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(Video Ergo Sum cont'd)

The three main networks all carried the von Bulow story, ABC and CBS making it their lead item. Their three audio-visual packages were virtually identical, for ABC and CBS, an average of five seconds per shot, for NBC, four seconds.  

Analyzing the stories shot by shot, with their sound elements, we can see that what we have in each case is a composite image which says in sum "a trial", "a verdict". These are no more the direct reporting of a live event than Seurat's paintings are direct accounts of life on the banks of the Seine. Instead we have a tableau as in Madame Tussaud's waxworks museum, or better, a television equivalent of a musical -- "Monday in the Court with Claus". What television news gives us is a representation by means of types. The shots are chosen for their symbolic value, a value which derives more from fictional portrayals in the real soap operas and drama series to be seen every day and every night on network television than from the few cases of actuality like von Bulow's which merit the attention of network news. Not for nothing did the news media call the von Bulow trial a soap opera. They would not have reported it had it been anything else.  

Jurists I have spoken to express concern that by allowing television into the courtrooms, the real life actors in these real dramas are turning out performances to match those of their fictional counterparts. A recent report on New York City's police pointed to the same concern. According to this report, the public's perception of police behavior was based on its fictional representation in television serial dramas, behavior the real-life police found unreal and unprofessional. Nevertheless, some real-life police begin to ask themselves if they ought not to adapt their behavior to that of their fictional counterparts in order to retain the good will of the public.25 Study after study, like those conducted by the Media Institute in Washington DC, reveals a contrast between reality as portrayed on television and reality as described by statistics and sociology.26 But which reality is psychologically convincing?  

Theodore White wrote of emotional participation. I have suggested that it is in television's forms that we should look for the medium's affective power, notably in the power of visual images mediated by editing techniques in which music and sound play important parts. I do not say that the manifest program content is of no importance, but its interest lies mainly in showing us how age-old themes are being adapted to the new medium's technology.  

But if television is creating its own symbolic world, what has happened to the symbols and rituals of the pre-television age, particularly those used in religious ceremonies? The question, of course, is central to our discussion of today's values and icons. Can the traditional Christian liturgies, for example, be transferred successfully to the television screen? How is the word to be expressed in a television age?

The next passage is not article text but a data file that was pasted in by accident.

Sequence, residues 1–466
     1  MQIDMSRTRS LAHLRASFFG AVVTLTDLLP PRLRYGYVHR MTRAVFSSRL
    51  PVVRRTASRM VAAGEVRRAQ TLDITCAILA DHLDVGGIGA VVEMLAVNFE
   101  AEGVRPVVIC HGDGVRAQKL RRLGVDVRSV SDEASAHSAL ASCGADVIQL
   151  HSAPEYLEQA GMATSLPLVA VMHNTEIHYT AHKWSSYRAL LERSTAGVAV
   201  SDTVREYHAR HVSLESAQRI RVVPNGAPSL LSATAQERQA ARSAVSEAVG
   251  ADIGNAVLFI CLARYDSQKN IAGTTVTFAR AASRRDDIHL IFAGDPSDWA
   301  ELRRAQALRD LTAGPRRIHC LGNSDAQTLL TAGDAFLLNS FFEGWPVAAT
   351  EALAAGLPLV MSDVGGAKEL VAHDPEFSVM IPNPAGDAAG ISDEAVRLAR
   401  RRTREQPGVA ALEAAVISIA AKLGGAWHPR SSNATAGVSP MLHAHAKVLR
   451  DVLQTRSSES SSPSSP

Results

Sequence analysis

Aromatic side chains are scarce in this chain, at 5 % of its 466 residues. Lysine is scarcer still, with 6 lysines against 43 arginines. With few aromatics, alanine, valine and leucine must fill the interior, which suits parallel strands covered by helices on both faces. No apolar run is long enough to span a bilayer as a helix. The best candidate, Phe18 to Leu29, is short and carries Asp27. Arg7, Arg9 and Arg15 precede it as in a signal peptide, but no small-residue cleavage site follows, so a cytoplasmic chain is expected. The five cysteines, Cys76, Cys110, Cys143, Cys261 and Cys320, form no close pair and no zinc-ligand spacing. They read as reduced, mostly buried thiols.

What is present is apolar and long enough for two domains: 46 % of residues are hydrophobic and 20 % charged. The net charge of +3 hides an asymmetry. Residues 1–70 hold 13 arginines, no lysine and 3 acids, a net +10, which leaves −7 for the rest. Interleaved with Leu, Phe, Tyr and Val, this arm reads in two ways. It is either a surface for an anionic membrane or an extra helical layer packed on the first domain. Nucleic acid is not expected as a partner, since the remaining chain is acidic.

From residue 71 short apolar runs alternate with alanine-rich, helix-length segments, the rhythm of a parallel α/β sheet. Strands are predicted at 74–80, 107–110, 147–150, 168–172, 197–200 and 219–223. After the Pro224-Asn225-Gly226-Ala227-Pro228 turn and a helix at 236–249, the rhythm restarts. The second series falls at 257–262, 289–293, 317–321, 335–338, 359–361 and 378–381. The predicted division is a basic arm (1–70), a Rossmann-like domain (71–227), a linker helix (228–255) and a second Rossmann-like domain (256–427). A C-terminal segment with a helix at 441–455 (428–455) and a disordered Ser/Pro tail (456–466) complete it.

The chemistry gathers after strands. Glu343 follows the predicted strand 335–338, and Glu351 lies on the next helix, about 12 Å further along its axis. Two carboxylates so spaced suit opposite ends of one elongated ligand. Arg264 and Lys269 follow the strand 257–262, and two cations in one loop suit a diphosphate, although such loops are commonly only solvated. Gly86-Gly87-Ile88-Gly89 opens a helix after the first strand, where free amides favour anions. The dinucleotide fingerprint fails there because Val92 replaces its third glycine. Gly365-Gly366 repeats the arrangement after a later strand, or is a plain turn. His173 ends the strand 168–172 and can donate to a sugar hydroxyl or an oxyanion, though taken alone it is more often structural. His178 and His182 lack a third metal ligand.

Many of us have been troubled by these questions for a long time. We find it hard to reconcile ourselves to the reality of television and are tempted to take a negative position. Muggeridge likens television to a twentieth century golden calf.27 But we can't, of course, tell how things will work out in a hundred years from now, and we must remember that each new mode of communication contains its predecessors within it. I can imagine scribes meeting with mulled wine in their refectories in the early sixteenth century and complaining that style was being destroyed by this new uniform type, and the authority of the church was being undermined in matters of education and morals by these upstart, self-promoting printers, and all for commercial gain. Are there not various churches today, not ecclesiastical ones, who take the same line?  

To return to the thesis advanced by Walter Ong, that a radical change in the technology of communication leads to a radical change in human consciousness, I venture to suggest that, paradoxical as it may seem, one consequence of prolonged exposure to the technology of television is to increase the tension between what we see and what we believe. Is what we see orderly or anarchic? There are those who argue that regular viewers of television are left with a greatly strengthened sense of chaos since the general impression given by such prolonged viewing is of an unstable world where disasters, natural and man-made, are the norm, where verbal and physical strife is seen to be uppermost in all public and private conduct, and where moral confusion reigns in the affairs of government, corporations, and private life. Television, on this view, is a blend of nihilism and hedonism. The people sit down to eat and drink and rise up to play. This television world is a world "without much coherence or sense" in Neil Postman's eyes, the eyes of one devoted to literacy and rationalism.28  

Index of Papers   1  2  3  4  5  6  References 

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